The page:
At a Winter Palace reception in February 1881, she refused to kiss Catherine and only gave Catherine her hand to kiss. Alexander II was furious and chastised his daughter-in-law: “Sasha is a good son, but you – you have no heart”.
In 1873, Maria, Alexander, and their two eldest sons made a journey to the United Kingdom. The imperial couple and their children were entertained at Marlborough House by the Prince and Princess of Wales. The royal sisters Maria and Alexandra delighted London society by dressing alike at social gatherings. The following year, Maria and Alexander welcomed the Prince and Princess of Wales to St. Petersburg; they had come for the wedding of the Prince’s younger brother, Alfred, to Grand Duchess Maria Alexandrovna, daughter of Emperor Alexander II and the sister of the tsarevich.
Empress of Russia
On the morning of March 13, 1881, Maria’s father-in-law Alexander II of Russia was killed by a bomb on the way back to the Winter Palace from a military parade. In her diary, she described how the wounded, still living Emperor was taken to the palace: “His legs were crushed terribly and ripped open to the knee; a bleeding mass, with half a boot on the right foot, and only the sole of the foot remaining on the left.” Alexander II died a few hours later.
After her father-in-law’s gruesome death, she was worried about her husband’s safety. In her diary, she wrote, “Our happiest and serenest times are now over. My peace and calm are gone, for now I will only ever be able to worry about Sasha.” Her favorite sister, the Princess of Wales, and brother-in-law Prince of Wales, stayed in Russia for several weeks after the funeral.
Alexander and Maria were crowned at the Assumption Cathedral in the Kremlin in Moscow on May 27, 1883. Just before the coronation, a major conspiracy had been uncovered, which cast a pall over the celebration. Nevertheless, over 8000 guests attended the splendid ceremony. Because of the many threats against Maria and Alexander III, the head of the security police, General Cherevin, shortly after the coronation urged the Emperor and his family to relocate to Gatchina Palace, a more secure location 50 kilometres outside St. Petersburg.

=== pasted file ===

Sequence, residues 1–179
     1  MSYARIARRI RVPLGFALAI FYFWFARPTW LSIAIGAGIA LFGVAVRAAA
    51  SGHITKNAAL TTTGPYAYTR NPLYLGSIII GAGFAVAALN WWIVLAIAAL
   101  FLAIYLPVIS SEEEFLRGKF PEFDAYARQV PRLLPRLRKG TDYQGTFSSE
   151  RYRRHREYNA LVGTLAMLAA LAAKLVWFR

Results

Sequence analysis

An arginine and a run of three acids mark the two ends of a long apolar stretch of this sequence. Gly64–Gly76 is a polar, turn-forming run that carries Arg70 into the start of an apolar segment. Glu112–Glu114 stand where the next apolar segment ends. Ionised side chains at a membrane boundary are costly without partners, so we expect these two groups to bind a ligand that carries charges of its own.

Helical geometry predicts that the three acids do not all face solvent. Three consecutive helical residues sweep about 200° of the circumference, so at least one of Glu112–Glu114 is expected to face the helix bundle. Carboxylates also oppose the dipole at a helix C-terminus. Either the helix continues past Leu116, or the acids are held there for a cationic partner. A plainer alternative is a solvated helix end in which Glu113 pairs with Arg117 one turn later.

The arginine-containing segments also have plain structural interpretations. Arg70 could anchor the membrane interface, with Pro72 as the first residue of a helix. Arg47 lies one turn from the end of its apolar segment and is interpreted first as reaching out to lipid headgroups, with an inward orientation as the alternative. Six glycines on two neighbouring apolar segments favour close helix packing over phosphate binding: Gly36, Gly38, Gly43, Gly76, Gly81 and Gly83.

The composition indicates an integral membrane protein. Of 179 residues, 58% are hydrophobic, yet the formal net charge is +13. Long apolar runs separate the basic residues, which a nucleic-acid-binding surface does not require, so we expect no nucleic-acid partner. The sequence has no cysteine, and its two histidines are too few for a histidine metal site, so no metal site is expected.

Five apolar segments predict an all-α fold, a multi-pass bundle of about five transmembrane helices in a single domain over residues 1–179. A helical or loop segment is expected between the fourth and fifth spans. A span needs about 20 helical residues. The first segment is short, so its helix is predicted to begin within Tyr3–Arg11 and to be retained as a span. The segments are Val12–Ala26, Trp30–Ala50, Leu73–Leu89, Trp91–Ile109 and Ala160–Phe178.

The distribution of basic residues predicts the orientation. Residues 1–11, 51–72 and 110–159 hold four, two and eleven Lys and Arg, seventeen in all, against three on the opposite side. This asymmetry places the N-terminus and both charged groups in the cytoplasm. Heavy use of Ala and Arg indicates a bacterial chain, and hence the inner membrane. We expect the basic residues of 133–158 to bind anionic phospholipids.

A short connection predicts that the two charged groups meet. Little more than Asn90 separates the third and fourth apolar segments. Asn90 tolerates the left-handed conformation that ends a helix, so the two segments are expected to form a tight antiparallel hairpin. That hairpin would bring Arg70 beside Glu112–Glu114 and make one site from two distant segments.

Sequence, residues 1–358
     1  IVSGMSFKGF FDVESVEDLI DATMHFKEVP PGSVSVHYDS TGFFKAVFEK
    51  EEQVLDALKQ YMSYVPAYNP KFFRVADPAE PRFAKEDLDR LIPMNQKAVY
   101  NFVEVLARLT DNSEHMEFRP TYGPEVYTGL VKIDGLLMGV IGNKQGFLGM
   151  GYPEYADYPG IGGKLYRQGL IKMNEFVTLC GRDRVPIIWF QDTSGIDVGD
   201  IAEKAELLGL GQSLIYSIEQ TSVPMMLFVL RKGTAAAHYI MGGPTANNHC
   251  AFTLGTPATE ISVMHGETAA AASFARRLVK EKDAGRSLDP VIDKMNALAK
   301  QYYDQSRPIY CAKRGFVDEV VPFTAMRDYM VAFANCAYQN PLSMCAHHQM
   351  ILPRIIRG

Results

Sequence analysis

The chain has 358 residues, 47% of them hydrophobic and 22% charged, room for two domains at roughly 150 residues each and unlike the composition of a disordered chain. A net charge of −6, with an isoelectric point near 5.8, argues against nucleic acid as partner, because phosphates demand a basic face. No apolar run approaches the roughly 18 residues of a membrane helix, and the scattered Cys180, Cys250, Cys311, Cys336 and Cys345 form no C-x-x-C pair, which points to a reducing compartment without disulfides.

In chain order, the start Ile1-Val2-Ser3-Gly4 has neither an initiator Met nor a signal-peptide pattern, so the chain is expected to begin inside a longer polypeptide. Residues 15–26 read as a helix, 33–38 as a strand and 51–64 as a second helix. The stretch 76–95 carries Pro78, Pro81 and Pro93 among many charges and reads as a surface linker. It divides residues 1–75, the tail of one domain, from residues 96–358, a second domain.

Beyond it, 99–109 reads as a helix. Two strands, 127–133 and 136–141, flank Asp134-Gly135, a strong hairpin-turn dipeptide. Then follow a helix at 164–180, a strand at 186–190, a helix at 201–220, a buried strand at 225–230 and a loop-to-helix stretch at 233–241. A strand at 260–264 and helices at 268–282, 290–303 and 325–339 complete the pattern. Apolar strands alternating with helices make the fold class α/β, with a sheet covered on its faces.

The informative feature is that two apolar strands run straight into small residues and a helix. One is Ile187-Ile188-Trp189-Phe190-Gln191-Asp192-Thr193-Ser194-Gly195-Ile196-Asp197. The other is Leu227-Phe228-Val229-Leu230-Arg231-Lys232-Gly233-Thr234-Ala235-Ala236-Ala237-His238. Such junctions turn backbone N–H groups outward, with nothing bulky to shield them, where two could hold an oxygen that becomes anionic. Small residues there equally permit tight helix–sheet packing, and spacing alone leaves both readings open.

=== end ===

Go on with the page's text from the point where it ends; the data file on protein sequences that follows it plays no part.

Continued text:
The huge palace had 900 rooms and was built by Catherine the Great. The Romanovs heeded the advice. Maria and Alexander III lived at Gatchina for 13 years, and it was here that their five surviving children grew up.
Under heavy guard, Alexander III and Maria made periodic trips from Gatchina to the capital to take part in official events.
Maria was a universally beloved Empress. Duchess Cecilie of Mecklenburg-Schwerin wrote that Maria’s “bearing, her distinguished and forceful personality, and the intelligence which shone in her face, made her the perfect figure of a queen… She was extraordinarily well-loved in Russia, and everyone had confidence in her… and [was] a real mother to her people.
Yup Gustavus Adolphus—- king. Follow my family tree
Truly a very strong woman to have survived and escaped the horror of the revolution. I see so many parallels between the events leading to WWI and the Russian Revolution. If we could just learn to appreciate history rather than being doomed to repeat it.